From teen mom to nuclear scientist
At the age of 16, Senamile Masango was a pregnant teenager who had no idea that one day she would be a nuclear scientist.
Fate proved to be on Masango’s side and she was able to rise above her circumstances. Last year, she was part of the first group of scientists in Africa who conducted research at the European Organisation for Nuclear Research (CERN) laboratory in Switzerland.
CERN is the place where the world’s best physicists and engineers go to find out more about the make-up of the universe.
Masango is currently registered for a PhD in nuclear physics with the University of Cape Town. She is based in Canada where she is collecting data for her research at the Triumf, which is Canada’s premier physics laboratory.
The 32-year-old who hails from KwaZulu-Natal said she struggled to break the cycle of poverty but her hard work paid off.
“I grew up in rural Nongoma as part of a polygamous family. I started university as a naïve teenager at the age of 16 and hardly a year into my studies, I was pregnant. After giving birth, however, I managed to finish my course,” she said.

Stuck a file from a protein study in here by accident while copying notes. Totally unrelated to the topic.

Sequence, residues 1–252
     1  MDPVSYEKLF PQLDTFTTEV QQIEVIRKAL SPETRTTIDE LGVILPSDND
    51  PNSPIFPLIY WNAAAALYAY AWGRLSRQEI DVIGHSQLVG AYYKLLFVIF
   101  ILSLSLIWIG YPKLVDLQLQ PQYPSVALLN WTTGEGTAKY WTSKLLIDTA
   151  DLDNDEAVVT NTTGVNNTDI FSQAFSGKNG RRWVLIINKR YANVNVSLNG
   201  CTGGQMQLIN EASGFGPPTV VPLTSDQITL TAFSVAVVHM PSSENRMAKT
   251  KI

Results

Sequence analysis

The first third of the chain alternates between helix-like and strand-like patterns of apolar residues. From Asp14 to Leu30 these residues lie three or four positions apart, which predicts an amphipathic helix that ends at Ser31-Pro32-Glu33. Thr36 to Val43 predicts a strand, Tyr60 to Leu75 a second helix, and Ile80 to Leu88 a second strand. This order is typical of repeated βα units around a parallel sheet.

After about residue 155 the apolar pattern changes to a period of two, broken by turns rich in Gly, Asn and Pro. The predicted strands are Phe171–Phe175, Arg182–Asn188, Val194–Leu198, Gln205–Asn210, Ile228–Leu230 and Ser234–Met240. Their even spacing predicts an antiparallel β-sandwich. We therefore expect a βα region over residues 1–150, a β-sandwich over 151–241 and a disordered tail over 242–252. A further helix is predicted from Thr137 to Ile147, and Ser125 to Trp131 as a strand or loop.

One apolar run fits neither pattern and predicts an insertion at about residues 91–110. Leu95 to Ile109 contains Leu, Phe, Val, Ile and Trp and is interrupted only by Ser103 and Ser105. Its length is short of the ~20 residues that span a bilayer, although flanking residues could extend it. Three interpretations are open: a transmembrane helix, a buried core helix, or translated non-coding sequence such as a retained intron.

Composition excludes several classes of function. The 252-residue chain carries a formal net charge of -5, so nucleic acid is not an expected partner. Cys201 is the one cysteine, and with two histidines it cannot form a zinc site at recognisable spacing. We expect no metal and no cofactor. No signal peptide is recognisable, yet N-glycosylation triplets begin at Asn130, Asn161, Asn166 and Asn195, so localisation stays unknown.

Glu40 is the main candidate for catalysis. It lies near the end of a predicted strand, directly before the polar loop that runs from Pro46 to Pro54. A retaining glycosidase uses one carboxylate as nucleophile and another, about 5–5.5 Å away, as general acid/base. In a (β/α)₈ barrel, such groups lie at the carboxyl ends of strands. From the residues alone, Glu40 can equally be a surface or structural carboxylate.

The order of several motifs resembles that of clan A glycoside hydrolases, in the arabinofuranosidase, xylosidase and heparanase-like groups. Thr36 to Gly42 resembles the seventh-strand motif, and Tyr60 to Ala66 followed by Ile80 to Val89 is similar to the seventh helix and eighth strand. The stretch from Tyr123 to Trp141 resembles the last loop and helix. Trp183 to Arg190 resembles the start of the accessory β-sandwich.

Masango added that she had always dreamed of becoming a scientist.
After completing matric, she enrolled at the University of Zululand for a BSc in physics and electronics. She proceeded to do her honours in physics and masters in nuclear physics.
Besides being an outstanding achiever in the field of science, she also founded an organisation called South African Women in Science and Engineering, which provides leadership and role models for young people who enter the field of science and technology.
“I’m passionate about education and contributing to making the South African education system a better one by assisting in improving mathematics and science pass rates. I want to change the lives of youth from disadvantaged backgrounds,” she said.
She added that she is a firm believer in hard work. “Nothing great comes easy in life. If you want to be a well-respected scientist, you have to work hard for it.”
-This article was originally published in the GCIS Vuk'uzenzele.